In addition, the signal may be sent along wire 120 or along another wire 122 to a main signal box 124, which may be a flashing light, bell, alarm, or other signal, which will alert the station operator that the primary pipeline has been shut down due to a leak detection. Since this system is closed, water or gasoline leaking in any particular containment box will not cause the pump control 123 to shut down. It should be noted that if the standard float mechanism in box 5 is actuated, a signal will be sent along wire 128 to the relay box 90 to actuate a local signal 130. This will alert the station operator that there is a leak within that particular containment box. This local signal can also be used when the primary pipeline leak detection system causes the pump control to shut down, or a separate local signal box may be used, to indicate the particular containment box where the primary pipeline leak detection system has detected a leak. This will narrow down the location of the leak in the primary pipe.
A similar primary pipeline leak detection system may also be placed in the sump 16, using just one fitting 42 connected to a level switch, but typically the float mechanism within a well formed in the sump will be connected to the pump control. There can also be a local signal in addition to actuating signal 124 or in place of it to indicate gasoline within the sump. Water getting into the sump is usually not as big a concern as in the containment boxes because the sump is normally sealed with a watertight cover. Such a watertight cover is described in U.S. Pat. No. 5,474,396 issued to the present inventor.
After gasoline has set off the primary pipeline leak detection system, the release valve 82 may be opened to drain the gasoline and then closed to ready the system for future detection. As mentioned above, leaving the jumper hose open at at least one end, if not both, provides a fail-safe in case, for example, the float mechanism is disconnected in a high containment box. Gasoline will enter the aperture 44d in the fitting 42a and flow downward in the same way as if there were a leak in the primary pipeline. This will shut down the system and the leak can then be spotted. The box may also be drained at that point. As fitting 42b can also be constructed with a hole 44d, it too will provide this fail-safe function.
When pressure-testing the system, the jumper hose is connected in the high (shallow) box between the two fittings 42a, an identical fitting may be used in the sump in place of fitting 42 and may have a pressure gauge attached to it, and the line may be tested at the fitting 42b. Alternatively, the fitting 42b may have a pressure gauge and the line may be tested at the fitting in the sump. Numerous variations are possible. It should be noted that during pressure-testing, the valve 78 leading to the level switch should be closed.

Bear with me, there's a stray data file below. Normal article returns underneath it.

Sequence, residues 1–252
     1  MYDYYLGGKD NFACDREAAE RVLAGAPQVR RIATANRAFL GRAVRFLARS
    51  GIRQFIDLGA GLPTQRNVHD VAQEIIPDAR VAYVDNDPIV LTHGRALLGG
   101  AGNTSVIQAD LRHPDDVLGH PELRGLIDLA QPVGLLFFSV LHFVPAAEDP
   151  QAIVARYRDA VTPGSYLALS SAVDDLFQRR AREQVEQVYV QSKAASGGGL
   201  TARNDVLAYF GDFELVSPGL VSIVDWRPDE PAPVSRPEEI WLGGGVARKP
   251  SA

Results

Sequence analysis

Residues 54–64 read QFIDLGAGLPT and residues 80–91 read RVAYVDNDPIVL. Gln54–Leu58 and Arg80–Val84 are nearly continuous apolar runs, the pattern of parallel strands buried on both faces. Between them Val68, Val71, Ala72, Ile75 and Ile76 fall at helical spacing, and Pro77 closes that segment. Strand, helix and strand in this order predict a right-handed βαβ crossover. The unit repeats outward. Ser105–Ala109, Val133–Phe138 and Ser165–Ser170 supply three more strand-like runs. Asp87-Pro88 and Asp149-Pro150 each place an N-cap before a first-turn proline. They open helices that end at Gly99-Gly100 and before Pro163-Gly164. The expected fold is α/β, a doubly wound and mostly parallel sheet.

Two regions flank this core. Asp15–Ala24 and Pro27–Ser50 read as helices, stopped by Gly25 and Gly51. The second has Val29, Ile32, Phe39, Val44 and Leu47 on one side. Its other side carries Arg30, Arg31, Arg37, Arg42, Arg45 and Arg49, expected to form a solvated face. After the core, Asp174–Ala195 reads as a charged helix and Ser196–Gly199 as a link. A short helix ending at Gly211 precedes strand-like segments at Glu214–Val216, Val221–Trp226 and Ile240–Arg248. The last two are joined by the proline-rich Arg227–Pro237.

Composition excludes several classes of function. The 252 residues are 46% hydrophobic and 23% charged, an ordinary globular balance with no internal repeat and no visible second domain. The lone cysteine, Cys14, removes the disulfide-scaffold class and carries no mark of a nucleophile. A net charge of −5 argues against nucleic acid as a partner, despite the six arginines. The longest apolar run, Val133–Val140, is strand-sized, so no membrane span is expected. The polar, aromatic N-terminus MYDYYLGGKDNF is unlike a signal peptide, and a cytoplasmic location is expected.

Finally, a suitable T-fitting 142 of FIG. 1 in containment boxes 5 and 6 is well-known in the art. Primary pipeline 40 may be connected directly to it or by means of other kinds of fittings.
It is understood by those skilled in the art that changes in the form and detail of the above-described embodiments may be made without departing from the spirit of the invention. For example, a level switch does not have to be used in the primary pipeline leak detection system. Another type of detector which can detect liquid or gasoline may be used in its place. Other structures for sealing the primary pipeline may be used. The threaded aperture need not be through the body of the fitting, but could be through a portion of the nut used to seal the primary pipeline, or even in the secondary pipeline itself, which would then be communicated with the pipeline leak detection system in accordance with the invention.
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|U.S. Classification||73/40.50R, 137/312, 137/363, 138/114, 137/236.1|
|International Classification||G01M3/04, G01M3/18|
|Cooperative Classification||G01M3/18, G01M3/04, B67D7/3209, Y10T137/402, Y10T137/6991, Y10T137/5762|
|European Classification||G01M3/18, G01M3/04, B67D7/32B|
|Apr 9, 2003||REMI||Maintenance fee reminder mailed|
|Sep 22, 2003||LAPS||Lapse for failure to pay maintenance fees|
|Nov 18, 2003||FP||Expired due to failure to pay maintenance fee|
Effective date: 20030921